Claire Trevett

Claire Trevett is the New Zealand Herald’s deputy political editor.

Key pushes free trade in Seoul

Protesters wearing masks of world leaders protest against the Nuclear Security summit in Seoul. Photo / AP
Protesters wearing masks of world leaders protest against the Nuclear Security summit in Seoul. Photo / AP

Prime Minister John Key has started to ramp up the pressure for a free-trade deal with South Korea.

He warned that major exporters such as Fonterra and Zespri could only survive in the Korean market for a few more years and big Korean companies such as Samsung and Hyundai could face the same fate in New Zealand.

Mr Key told a breakfast meeting of the Kiwi Chamber, a group of Korean and New Zealand businesses involved in each other's countries, that Korean goods risked being displaced on the shelves of New Zealand shops by more competitive products from China and Asean countries with which New Zealand had free-trade agreements.

Cars and electronic goods made by giant South Korean manufacturers such as Samsung, LG and Hyundai are leading imports in New Zealand.

Mr Key said while trade was still growing, the growth was far outstripped by countries such as China. Similarly New Zealand exporters faced punishing tariffs in South Korea, while countries in Europe and the United States paid significantly lower tariffs.

Mr Key said South Korea could also take advantage of New Zealand's ability to produce good food.

Talks have been on hold for the past two years while South Korea completed agreements with the United States and Europe. Mr Key is using his trip to Seoul for the Nuclear Security Summit to try to ensure those talks begin again.

He said there was some urgency because Korea was a big market for New Zealand and South Korea was also negotiating with others, including Australia, Canada and Turkey.

"We can't afford to get left behind."

He said the main problem was the farming lobby in Korea - the perennial sticking point for New Zealand free-trade agreements. However, New Zealand had opposite seasons to South Korea, did not produce rice and had only a small portion of grain-fed beef - two of the main issues for South Korean farmers. He said food security was a significant issue for South Korea and New Zealand could help that.

"The reality is some very large companies who operate in this market are only just clinging on. So you look at someone like Fonterra or Zespri, they won't last in this market beyond a few years unless an FTA is completed. The tariffs are just too great."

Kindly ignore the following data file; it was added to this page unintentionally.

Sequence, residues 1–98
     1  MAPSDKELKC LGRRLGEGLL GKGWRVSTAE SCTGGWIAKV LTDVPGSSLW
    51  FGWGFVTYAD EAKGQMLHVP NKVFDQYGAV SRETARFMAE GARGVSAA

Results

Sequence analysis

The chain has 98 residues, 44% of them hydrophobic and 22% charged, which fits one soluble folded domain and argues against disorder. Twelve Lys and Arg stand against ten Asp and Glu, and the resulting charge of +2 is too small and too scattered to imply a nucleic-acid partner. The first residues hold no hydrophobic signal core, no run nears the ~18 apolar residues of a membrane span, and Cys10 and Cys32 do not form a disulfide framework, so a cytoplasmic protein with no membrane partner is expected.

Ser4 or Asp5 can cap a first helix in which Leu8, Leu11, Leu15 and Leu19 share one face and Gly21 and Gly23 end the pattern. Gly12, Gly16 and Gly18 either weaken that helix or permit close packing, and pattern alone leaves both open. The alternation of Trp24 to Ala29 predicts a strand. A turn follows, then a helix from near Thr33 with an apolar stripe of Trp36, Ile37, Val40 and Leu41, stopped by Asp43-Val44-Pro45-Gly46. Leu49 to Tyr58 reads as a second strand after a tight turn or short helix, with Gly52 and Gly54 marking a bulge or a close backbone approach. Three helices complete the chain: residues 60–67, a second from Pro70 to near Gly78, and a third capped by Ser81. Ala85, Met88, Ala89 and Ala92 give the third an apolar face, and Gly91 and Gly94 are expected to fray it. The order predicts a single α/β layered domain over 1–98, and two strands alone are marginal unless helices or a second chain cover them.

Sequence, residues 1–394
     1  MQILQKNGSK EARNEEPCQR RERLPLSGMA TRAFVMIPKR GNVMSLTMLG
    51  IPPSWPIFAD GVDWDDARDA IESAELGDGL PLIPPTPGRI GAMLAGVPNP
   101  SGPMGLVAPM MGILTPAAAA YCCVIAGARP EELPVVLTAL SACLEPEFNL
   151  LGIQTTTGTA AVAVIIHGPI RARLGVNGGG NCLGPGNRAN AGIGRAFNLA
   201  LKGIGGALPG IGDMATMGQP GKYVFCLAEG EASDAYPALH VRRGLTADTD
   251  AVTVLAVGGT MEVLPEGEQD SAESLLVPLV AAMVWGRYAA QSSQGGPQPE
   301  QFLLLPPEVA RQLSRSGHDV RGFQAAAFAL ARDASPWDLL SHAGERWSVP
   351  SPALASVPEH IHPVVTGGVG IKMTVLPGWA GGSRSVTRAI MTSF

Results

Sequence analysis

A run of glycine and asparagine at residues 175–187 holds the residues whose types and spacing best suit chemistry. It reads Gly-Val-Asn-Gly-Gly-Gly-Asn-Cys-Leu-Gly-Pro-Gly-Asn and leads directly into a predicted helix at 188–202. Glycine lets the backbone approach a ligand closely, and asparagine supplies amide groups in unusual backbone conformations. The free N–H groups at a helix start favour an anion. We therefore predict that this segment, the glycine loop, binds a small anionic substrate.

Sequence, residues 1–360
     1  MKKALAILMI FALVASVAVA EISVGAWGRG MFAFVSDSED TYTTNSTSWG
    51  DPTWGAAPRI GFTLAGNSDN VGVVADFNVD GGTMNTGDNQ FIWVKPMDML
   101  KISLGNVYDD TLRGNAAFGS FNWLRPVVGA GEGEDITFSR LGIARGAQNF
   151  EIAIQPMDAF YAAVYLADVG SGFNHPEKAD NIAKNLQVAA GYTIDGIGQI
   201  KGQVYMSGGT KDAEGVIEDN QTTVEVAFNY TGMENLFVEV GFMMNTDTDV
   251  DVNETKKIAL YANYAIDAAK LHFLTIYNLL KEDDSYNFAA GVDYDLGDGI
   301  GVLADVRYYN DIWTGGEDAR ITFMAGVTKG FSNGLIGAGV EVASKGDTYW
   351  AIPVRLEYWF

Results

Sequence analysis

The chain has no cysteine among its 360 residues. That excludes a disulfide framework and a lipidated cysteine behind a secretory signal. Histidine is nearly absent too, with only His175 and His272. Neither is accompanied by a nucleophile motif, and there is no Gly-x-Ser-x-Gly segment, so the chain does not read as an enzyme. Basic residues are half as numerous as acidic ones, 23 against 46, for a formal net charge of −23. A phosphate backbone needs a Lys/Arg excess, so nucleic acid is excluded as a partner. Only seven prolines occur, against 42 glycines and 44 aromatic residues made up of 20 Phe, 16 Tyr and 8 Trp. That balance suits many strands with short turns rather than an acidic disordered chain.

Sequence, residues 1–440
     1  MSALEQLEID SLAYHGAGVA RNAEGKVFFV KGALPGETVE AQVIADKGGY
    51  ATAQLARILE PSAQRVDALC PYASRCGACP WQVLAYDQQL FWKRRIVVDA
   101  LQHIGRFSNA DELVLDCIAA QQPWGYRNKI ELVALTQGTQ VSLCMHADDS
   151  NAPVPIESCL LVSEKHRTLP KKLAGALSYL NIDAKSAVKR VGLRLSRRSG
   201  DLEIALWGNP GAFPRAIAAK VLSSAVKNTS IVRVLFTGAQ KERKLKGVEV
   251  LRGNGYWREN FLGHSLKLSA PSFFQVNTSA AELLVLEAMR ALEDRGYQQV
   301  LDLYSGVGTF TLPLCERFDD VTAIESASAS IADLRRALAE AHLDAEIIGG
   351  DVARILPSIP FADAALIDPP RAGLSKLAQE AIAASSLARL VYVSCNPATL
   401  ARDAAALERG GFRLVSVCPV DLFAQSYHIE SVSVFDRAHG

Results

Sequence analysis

He said Zespri had paid $34 million in tariffs last year. The average tariff was 45 per cent while Chile paid only about 12 per cent.

There was only a small window in which to finalise an agreement. He did not expect any action before South Korea's National Assembly elections next month, but said there was then a small window before the presidential elections in December during which an agreement could, in theory, be reached.

President Lee Myung-bak has voiced support but he will be replaced in December when presidential elections are held. South Korean presidents can serve only one five-year term, and Mr Lee's replacement is expected to be Park Geun-hye, the leader of the ruling Saenuri Party.

Mr Key said it was the official Year of Friendship between New Zealand and South Korea. He also hoped that good will from New Zealand's participation in the Korean War in the 1950s would enhance its chances.

PM has fridge full of wine but few drinking mates

Prime Minister John Key's fridge at the Hyatt in Seoul is full of New Zealand wines, but he has few visitors to consume it.

Mr Key had an informal drink with Australia's Prime Minister Julia Gillard. He said they drank New Zealand pinot noir and had "a good gossip", including an update on the Queensland election, and a discussion on how Australia's climate change legislation was progressing.

"I could have had every world leader in my room and still had plenty of booze left over. They were obviously thinking big."

Mr Key was due to meet Britain's Deputy Prime Minister Nick Clegg last night and meetings with other leaders will begin today on the sidelines of the Nuclear Security Summit.

Alas, one leader he still had not bumped into was United States President Barack Obama. Key had hoped to bump into Obama in the hotel's gym when he exercised in the early hours, but Obama was not there: "No, he didn't go to the gym. It's unlike him."

Yesterday, Mr Key went to look at the research and development hub of one of the major companies exporting to New Zealand - Samsung - and expressed some awe that their $150 billion annual turnover was the same as New Zealand's GDP.

He spent some time admiring its 3D televisions and touch screen technology - including drawing glasses and a moustache on a photo of himself displayed on one television screen. He was given a Galaxy tablet and a camera for his efforts.

- NZ Herald

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